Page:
• Examination of discharge.  Direct identification of the gonococcal pathogen in urogenital, anorectal, pharyngeal, or conjunctival swab specimens allows for the diagnosis of gonorrhea.  Examination of first-catch urine can also detect gonorrhea. This type of test, which can take many days, requires a laboratory culture. The clinical suspicion of gonorrhea is confirmed by the finding of N. gonorrhoeae or its genetic signature in genital or extragenital samples using nucleic acid amplification (NAATs), culture, or light microscopy of stained smears. The best test for gonorrhea infection is NAAT testing, which finds the genetic material (DNA) of N. gonorrhoeae. This kind of test can be carried out using either a urine sample or a swab collected from a probable infection location.
  • Blood tests. A blood test may occasionally be used by a medical expert to identify gonorrhea, however, this might not be definitive.
  • Screening tests. In addition to urogenital screening, populations who engage in anogenital sex and/or insertive oral sex will need to be screened for gonorrhea from the anus and pharynx. Pharyngeal and rectal gonococcal infections are common symptoms, as shown by the widespread use of NAATs to screen at-risk asymptomatic patients.

Treatment for Gonorrhea

The treatment for gonorrhea should usually include:

  • Antibiotics. On the basis of historical information, such as sexual activity with a person who has a STI or a clinical examination suggestive for a STI, such as penile drip or atypical vaginal discharge, empiric medication for gonococcal infections is frequently given during the initial clinical appointment. In most cases, gonorrhea can be cured with modern antibiotics. The recommended treatment for gonorrhea is ceftriaxone which should only be administered intramuscularly once daily. A medical expert will probably also recommend an oral drug, such as doxycycline twice daily for seven days. The CDC has modified its previous recommendations (ceftriaxone with azithromycin) because N. gonorrhoea are becoming increasingly resistant to azithromycin. In patients who have a life-threatening hypersensitivity reaction to cephalosporins or beta-lactam antibiotics, aztreonam monotherapy can be administered to treat gonorrhea. Directly observed therapy, as recommended by the World Health Organization, encourages adherence to therapy and reduces treatment failures brought on by noncompliance.
  • Health education. Engagement in sexual activities must only be continued a week after finishing the antibiotic regimen despite alleviation of symptoms. Patients should also notify their partners about their condition and allow them to undergo treatment as well. Patients should receive counseling regarding the need for microbiologic confirmation of a cure for N. gonorrhoeae if they receive alternative treatment, if substantial co-morbidities like HIV are present, or if symptoms linger. In order to prevent recurrent treatment failure, retesting can offer antibiotic susceptibilities. Patients with gonorrhea infection are more likely to acquire other STIs, such as HIV. Within a year of receiving an HIV diagnosis, as many as 27% of patients also receive a gonorrhea diagnosis.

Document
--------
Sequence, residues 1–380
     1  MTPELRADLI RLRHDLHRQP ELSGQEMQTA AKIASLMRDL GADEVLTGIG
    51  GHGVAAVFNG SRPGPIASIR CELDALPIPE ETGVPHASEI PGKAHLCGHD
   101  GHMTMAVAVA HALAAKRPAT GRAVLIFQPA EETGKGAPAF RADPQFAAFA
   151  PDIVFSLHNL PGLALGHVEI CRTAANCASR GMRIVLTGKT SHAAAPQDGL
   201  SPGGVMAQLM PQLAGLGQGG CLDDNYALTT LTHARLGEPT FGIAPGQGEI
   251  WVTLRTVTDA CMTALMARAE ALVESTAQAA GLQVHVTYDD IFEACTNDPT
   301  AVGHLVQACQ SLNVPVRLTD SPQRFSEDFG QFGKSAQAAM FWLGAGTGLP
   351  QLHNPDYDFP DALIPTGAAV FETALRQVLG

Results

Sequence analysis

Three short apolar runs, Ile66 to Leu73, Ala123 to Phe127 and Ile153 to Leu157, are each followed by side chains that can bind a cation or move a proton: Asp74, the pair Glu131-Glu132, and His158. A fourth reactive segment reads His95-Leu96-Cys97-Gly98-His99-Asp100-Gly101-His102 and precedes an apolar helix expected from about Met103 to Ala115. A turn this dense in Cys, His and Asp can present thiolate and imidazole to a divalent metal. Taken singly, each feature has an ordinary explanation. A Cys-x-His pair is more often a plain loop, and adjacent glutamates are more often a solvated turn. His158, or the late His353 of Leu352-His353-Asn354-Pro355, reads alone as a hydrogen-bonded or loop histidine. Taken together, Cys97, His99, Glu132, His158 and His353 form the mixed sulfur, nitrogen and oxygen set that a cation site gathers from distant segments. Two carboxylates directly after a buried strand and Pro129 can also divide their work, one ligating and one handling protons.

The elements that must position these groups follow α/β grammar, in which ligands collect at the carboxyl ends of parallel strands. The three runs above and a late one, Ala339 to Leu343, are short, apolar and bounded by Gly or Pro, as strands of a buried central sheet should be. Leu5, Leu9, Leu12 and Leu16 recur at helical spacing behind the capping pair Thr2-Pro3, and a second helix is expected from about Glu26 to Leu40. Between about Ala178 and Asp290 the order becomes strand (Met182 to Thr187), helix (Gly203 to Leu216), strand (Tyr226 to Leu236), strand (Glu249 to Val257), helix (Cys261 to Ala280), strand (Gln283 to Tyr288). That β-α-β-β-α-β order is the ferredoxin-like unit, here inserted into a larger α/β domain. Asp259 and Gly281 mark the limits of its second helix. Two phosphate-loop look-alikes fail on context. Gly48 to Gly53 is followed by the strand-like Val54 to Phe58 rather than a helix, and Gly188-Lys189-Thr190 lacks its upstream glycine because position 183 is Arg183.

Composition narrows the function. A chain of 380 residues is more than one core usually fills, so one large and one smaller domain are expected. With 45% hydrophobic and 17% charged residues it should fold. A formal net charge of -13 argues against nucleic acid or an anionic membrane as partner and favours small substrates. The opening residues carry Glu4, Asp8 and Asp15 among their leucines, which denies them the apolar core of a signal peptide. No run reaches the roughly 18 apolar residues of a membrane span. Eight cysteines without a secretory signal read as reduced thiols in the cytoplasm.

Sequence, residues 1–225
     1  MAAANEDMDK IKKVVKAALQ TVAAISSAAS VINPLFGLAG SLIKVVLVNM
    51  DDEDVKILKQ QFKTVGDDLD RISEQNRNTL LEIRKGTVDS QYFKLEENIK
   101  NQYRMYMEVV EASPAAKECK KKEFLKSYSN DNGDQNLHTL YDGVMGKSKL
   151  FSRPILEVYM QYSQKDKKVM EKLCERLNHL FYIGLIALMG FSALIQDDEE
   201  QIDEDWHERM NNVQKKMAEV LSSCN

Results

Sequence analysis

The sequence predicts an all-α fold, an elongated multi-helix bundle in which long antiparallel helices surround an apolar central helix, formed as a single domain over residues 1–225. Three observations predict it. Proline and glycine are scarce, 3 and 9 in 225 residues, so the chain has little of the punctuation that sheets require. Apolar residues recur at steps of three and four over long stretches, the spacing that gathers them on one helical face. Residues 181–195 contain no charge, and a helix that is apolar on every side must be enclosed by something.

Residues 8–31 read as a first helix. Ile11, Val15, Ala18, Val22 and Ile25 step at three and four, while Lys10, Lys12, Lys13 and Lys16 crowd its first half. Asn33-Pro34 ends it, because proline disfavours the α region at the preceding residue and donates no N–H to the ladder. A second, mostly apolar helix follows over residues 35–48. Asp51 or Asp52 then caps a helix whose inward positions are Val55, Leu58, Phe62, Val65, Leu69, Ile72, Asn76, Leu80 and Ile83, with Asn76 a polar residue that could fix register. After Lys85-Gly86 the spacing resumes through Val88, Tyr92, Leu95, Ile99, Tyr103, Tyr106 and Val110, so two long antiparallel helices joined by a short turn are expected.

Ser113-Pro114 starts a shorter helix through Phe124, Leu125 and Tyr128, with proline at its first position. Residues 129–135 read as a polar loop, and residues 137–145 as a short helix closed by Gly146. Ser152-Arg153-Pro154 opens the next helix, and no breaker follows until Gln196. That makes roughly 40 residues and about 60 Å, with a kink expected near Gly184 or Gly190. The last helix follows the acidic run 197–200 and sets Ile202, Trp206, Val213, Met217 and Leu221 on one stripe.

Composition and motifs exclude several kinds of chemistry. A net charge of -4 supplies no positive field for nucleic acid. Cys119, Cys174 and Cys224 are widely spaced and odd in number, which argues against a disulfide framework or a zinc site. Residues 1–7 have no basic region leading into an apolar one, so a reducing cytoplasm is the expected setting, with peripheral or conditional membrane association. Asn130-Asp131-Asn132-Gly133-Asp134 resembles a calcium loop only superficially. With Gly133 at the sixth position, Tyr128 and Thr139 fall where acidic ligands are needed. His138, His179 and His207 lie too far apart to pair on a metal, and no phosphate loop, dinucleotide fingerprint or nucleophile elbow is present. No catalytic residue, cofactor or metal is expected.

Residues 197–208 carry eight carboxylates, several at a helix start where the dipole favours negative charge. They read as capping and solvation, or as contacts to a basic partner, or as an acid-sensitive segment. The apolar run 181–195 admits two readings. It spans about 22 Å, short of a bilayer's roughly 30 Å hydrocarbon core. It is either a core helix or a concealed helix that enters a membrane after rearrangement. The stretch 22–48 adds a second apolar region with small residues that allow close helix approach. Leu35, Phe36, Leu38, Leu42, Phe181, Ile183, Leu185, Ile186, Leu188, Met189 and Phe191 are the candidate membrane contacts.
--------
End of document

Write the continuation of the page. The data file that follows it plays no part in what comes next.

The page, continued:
Nursing Diagnosis for Gonorrhea

Gonorrhea Nursing Care Plan 1

Acute Pain

Nursing Diagnosis: Acute Pain related to the infectious process secondary to gonorrhea as evidenced by painful urination, pain and swelling of testicles in males, and pelvic or abdominal pain in females.

Desired Outcomes

  • The patient will identify the causes of the condition.
  • The patient will employ non-analgesic methods of prevention to relieve pain.
  • The patient will take analgesics as prescribed.
  • The patient will report the pain as controlled or managed.
Gonorrhea Nursing InterventionsRationale
Characterize the pain according to location, quality, onset, duration, frequency, and severity. Identify the precipitating and alleviating factors.This identifies if there is a need for interventions and monitors their effectiveness. This may also indicate the development or resolution of symptoms.
Observe non-verbal signs of discomfort, particularly the inability to effectively communicate.This allows prompt management of symptoms. The effectiveness of comfort measures and drugs is increased with timely intervention.
Encourage the patient to communicate their pain by using therapeutic dialogue.This can decrease the fear and anxiety of the patient thereby decreasing the overall perception of pain intensity.
Minimize environmental factors that may affect the patient’s reaction to discomfort (e.g., irradiation, room temperature).This encourages relaxation and a sense of well-being.
Teach the implementation of non-pharmacological methods (ex.: relaxation, guided imagery, music therapy, distraction, application of heat and cold, massage, hypnosis, therapeutic activity).This promotes relaxation and mindfulness. Mindfulness is a skill of being present in the moment.
Administer analgesics, as prescribed.This provides pain relief and reduces fever.
Encourage the patient to get enough sleep or rest.The amount of hours of sleep the night before is one of the most crucial indicators of pain intensity. As sleep quality increases, the need for analgesics decreases.